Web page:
Extensive experimental data from drained triaxial tests on oilsands at different confining pressures and ambient temperatures have led to the development of a non-associated generalized plasticity model in 3-D stress conditions. Many of the identifiable behavioural aspects such as hardening, softening, plastic volumetric expansion and contraction have been incorporated in the formulation. When implemented into the general purpose Finite Element program ABAQUS, numerical results compare reasonably well with measured response. In trying to weigh merits of the model, it is interesting to note that practical applications such as the computation of well casing/oil sand formation interaction during insitu thermal recovery of bitumen become amenable to analysis.
The use of insitu thermal methods such as steam injection through vertical well bores to deep seated oil sand reservoirs is common and relatively effective for the recovery of heavy oil and bitumen. There has been, however, numerous well casing failures reported during field injection trials. Due to the presence of two types of materials, namely shale and oil sand in the geological strata, strong pore fluid and stress gradients are created around the cavity. In particular, high differential shear stresses developed at the sand-shale interface during steam injection may cause instability and collapse of the well casing which compromise the good progress of oil production. The obvious solution to the casing deformation has been to stiffen the well casing installation, but in order to arrive at a rational and economical design, it is supreme to accurately evaluate the force distribution around the structure and deformation behaviour of oil sand.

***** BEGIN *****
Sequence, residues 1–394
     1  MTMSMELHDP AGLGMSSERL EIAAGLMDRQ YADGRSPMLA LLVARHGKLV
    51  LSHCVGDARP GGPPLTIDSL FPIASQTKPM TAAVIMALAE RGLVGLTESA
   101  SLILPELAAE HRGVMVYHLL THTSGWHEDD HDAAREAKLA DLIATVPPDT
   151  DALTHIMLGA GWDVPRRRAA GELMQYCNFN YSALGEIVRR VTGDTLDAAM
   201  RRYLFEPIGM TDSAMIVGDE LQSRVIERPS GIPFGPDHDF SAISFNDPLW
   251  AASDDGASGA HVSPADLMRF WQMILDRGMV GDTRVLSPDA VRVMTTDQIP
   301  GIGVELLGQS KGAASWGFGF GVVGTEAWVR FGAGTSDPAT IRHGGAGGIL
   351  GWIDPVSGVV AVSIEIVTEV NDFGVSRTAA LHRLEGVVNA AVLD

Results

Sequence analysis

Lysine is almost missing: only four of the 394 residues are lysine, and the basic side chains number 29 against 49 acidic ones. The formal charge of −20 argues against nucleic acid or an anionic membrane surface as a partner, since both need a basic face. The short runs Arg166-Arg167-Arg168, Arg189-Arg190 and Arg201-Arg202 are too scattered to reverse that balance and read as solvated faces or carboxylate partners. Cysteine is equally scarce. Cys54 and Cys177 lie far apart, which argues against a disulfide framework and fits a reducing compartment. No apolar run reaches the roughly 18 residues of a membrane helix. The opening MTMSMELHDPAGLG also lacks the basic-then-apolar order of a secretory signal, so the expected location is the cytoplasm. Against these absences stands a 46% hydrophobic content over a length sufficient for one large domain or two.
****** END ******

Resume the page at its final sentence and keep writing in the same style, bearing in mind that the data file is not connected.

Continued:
Numerical schemes such as the Finite Element method are readily available in several program packages, one of them being ABAQUS. Although, they offer a wide range of applications which cover most common structural and geotechnical problems, it seems, however, that there is no suitable geological material model which can specifically capture most of the constitutive behavioural aspects of oil sand. On the other hand, the need for a comprehensive characterization of the Stress-strain behaviour of oil sand is fully acknowledged for a correct finite element analysis.
The deformation behaviour of oil sand is governed by many factors. However, it can be conveniently considered as comprised of basically two main constituents: the pore fluids (water, bitumen, and gas) and the sand skeleton. The theoretical relationships governing the behaviour of the pore fluid, as to describe gas exsolution and other related aspects, have been first introduced by Harris and Sobkowicz (1977) and subsequently extended by Byrne and Grigg (1980). The present paper does not treat the pore fluid response but rather focusses on the mathematical modelling of the sand skeleton as an elastic-plastic continuum.
The capability to realistically analyze oil sand behaviour is a challenging task mainly due to its complexity and variability in response. As such, the inherent non-linear and history dependent nature of the problem makes it necessary to resort to elaborate theories such as plasticity instead of simple linear elasticity for its modelling.